Rating:  8.5/10 Cast: Dylan O’Brien as Joel Dawson Michael Rooker as Clyde Dutton Ariana Greenblatt as Minnow Jessica Henwick as Aimee Dan Ewing as Cap Donnie Baxter as Parker Ellen Hollman as Dana Directed by Michael Matthews; Co-Written by Brian Duffield & Matthew Robinson Click here to pre-order Love and Monsters! Love and Monsters Review: 2020 may have brought us a lot of terrible things, both in the world and on film, but one of the brighter things to come from this year is the chance to truly witness the genius that is the mind of Brian Duffield. Beginning with the highly underrated aquatic thriller Underwater and continuing with the explosively charming Spontaneous, the time has now arrived for his post-apocalyptic romantic comedy Love and Monsters, and he has delivered another joyous, energetic and incredibly fresh take on a well-worn genre. Seven years after the Monsterpocalypse, Joel Dawson (Dylan O’Brien), along with the rest of humanity, has been living underground ever since giant creatures took control of the land. After reconnecting over radio with his high school girlfriend Aimee (Jessica Henwick), who is now 80 miles away at a coastal colony, Joel begins to fall for her again. As Joel realizes that there’s nothing left for him underground, he decides against all logic to venture out to Aimee, despite the dangerous monsters that stand in his way. The world has ended a lot of different ways in film and television over the years, ranging from the cartoonish dystopias of Aeon Flux and Ultraviolet to the dramatically haunting The Road and It Comes at Night, and Duffield finds a nice in-between of grounded and outlandish with rockets being shot into space to prevent an incoming asteroid from destroying the planet, the chemical fallout breeding the titular enemy to O’Brien’s Joel and Henwick’s Aimee, as well as the rest of humanity. The resulting post-apocalypse is actually a really interesting and well-thought-out world that feels like the best elements of similar genre fare in the YA novel world without simultaneously feeling like it’s borrowing or stealing from them. Underground clans fearing outsiders and being untrustworthy of members within their own ranks is believable given the situation unfolding in their — and even our — world, but the addition of everyone in Joel’s having a partner and pretty much having sex nonstop is an incredibly funny and unique take. The characters themselves are also a nice change of pace for a more YA storyline, with protagonist Joel’s fear of monsters and initial inability to fight them actually coming from a fairly emotional root instead of a more generic general terror of them, while the evolution of Aimee from the opening flashbacks to her present-day persona offers audiences a new strong heroine that I only wish was granted more screen time. The characters are further elevated by stellar performances from its ensemble cast, namely that of O’Brien, Henwick, Michael Rooker and Ariana Greenblatt. Rooker is no stranger to a barbed-yet-caring father figure of sorts, but he is a joy to watch in every bit of scenery he’s given and the chemistry he shows with the young Greenblatt is sweet and highly effective. The central Maze Runner star has frequently been offered the chance to show off his dramatic chops with the YA adaptation trilogy as well as MTV’s Teen Wolf and disaster biopic Deepwater Horizon, but it feels as though we rarely get to see him show a more comedic and goofily charming persona and he truly shines from start to finish in the role. Henwick’s Aimee feels like a warm and compelling blend of her Colleen Wing from the Marvel Netflix Universe, a character we sadly will most likely never see her as again, and Emily Haversham from Duffield’s own Underwater and she brilliantly taps into her character’s powerful and slightly tragic off-screen backstory as well as her kick ass and commanding on-screen nature. There may be some familiarity in the development of the love story and the plot itself, but with a razor sharp script reminiscent of the best John Hughes movies, some stellar character designs and visual effects and charming performances from its ensemble cast, Love and Monsters is a thrilling and feel-good post-apocalyptic rom com adventure that is sure to delight every kind of audience.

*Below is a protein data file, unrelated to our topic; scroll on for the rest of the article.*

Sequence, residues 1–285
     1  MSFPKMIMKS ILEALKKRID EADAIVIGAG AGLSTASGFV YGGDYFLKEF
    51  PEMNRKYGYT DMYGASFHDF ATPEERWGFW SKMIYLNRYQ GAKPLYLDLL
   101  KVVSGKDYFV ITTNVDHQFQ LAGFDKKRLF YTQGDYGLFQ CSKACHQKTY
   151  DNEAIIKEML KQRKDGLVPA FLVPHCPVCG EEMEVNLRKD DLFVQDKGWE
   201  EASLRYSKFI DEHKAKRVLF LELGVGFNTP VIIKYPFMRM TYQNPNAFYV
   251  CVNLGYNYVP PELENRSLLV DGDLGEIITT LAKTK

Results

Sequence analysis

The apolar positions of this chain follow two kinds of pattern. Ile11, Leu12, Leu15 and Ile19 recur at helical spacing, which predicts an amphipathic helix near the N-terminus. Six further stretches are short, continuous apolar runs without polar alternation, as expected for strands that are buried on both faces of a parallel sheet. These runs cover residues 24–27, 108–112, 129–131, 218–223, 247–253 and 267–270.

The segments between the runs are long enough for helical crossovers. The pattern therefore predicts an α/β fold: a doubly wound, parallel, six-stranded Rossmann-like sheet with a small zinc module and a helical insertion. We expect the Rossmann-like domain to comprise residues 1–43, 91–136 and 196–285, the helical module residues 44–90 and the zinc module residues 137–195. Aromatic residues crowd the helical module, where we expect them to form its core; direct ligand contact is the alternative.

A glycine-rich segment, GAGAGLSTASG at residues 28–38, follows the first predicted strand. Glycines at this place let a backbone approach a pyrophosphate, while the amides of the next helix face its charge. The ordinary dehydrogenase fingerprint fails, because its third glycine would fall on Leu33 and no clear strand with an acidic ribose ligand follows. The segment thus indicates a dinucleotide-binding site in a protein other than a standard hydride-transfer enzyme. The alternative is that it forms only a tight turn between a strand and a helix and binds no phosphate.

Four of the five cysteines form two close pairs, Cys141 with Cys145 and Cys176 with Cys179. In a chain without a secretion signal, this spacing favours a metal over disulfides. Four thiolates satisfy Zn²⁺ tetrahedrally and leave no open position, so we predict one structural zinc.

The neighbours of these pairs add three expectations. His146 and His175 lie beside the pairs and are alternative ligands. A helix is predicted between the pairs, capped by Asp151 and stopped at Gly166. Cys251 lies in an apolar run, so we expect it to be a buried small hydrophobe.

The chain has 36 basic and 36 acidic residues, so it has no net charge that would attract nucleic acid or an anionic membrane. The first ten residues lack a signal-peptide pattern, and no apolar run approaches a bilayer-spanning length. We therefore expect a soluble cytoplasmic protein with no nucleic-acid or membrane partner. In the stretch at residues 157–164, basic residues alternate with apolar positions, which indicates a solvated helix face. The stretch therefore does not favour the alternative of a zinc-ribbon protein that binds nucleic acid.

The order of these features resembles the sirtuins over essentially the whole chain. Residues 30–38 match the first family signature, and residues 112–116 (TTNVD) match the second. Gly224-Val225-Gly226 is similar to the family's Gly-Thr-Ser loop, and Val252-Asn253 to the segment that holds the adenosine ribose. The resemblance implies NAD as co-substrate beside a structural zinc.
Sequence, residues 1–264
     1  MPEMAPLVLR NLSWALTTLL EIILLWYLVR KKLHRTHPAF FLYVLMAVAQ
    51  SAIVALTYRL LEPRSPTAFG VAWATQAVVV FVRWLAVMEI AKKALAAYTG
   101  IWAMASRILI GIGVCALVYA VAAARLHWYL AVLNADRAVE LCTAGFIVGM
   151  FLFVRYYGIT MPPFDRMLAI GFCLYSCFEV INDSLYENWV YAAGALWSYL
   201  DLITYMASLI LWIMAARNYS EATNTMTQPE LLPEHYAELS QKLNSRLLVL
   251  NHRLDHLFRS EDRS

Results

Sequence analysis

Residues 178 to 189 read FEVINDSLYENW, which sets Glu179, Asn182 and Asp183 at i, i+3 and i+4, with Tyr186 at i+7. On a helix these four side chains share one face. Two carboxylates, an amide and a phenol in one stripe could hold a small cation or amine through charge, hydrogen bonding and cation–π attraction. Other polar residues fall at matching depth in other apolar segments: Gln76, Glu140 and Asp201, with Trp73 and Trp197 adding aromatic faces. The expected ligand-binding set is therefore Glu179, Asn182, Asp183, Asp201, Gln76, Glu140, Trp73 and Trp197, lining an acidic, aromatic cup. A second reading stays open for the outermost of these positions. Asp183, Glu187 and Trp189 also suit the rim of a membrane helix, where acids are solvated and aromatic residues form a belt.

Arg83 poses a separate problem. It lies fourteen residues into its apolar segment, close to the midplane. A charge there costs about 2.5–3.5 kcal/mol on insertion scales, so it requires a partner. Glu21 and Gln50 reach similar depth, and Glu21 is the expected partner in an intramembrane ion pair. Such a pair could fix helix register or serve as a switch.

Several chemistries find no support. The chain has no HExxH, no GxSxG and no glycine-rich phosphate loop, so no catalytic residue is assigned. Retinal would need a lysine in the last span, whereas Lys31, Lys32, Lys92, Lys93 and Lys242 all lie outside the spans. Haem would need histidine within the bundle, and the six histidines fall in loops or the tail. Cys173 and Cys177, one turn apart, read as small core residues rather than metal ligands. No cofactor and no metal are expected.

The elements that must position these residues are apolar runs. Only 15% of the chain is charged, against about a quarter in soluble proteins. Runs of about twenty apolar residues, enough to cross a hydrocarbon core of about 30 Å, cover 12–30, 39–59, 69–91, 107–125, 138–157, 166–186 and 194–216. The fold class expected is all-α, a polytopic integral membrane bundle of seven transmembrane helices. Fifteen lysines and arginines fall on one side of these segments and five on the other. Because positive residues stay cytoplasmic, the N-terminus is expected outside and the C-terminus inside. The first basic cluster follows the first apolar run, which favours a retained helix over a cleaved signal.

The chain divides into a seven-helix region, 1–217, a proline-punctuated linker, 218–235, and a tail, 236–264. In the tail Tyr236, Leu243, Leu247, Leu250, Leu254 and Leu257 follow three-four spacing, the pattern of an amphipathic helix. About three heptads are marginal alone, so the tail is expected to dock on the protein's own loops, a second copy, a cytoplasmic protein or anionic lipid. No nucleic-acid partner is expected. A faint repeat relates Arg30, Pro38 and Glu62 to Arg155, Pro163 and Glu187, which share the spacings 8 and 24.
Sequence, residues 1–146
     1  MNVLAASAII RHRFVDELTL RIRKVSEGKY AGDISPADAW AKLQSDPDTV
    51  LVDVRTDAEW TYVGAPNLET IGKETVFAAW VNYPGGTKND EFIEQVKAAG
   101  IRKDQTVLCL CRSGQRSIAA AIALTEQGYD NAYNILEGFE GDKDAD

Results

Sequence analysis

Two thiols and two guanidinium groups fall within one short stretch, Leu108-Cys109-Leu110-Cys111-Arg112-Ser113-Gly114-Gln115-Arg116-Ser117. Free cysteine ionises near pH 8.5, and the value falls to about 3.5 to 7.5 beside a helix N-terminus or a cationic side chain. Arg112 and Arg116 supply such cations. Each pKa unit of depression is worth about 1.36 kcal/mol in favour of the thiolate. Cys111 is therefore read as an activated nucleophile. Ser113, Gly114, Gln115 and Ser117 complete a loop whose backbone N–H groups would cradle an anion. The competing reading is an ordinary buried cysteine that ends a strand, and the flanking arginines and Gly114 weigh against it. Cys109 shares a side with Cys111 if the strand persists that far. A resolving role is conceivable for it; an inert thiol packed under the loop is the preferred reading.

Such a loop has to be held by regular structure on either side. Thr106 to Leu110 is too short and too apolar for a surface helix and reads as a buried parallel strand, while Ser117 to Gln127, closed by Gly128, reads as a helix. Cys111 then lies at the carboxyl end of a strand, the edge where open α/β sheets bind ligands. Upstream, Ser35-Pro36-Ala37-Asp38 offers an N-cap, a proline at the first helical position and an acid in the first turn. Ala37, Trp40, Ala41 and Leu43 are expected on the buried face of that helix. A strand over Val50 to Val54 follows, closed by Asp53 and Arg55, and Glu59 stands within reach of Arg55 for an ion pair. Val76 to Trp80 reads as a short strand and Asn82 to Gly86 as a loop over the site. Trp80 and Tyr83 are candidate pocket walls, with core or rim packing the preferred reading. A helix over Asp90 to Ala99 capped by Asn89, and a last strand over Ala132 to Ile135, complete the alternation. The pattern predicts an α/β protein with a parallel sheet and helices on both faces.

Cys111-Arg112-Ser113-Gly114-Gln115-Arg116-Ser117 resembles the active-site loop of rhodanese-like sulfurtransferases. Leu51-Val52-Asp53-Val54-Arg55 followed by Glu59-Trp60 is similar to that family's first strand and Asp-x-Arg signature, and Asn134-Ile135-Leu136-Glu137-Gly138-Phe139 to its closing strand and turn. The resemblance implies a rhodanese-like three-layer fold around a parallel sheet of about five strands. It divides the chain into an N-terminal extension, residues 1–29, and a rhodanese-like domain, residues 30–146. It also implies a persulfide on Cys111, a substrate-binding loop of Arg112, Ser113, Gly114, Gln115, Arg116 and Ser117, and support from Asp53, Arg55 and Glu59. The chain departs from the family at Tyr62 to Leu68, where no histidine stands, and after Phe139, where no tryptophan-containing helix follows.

Honest Thief Review: By-The-Numbers But Plenty Fun Action-Thriller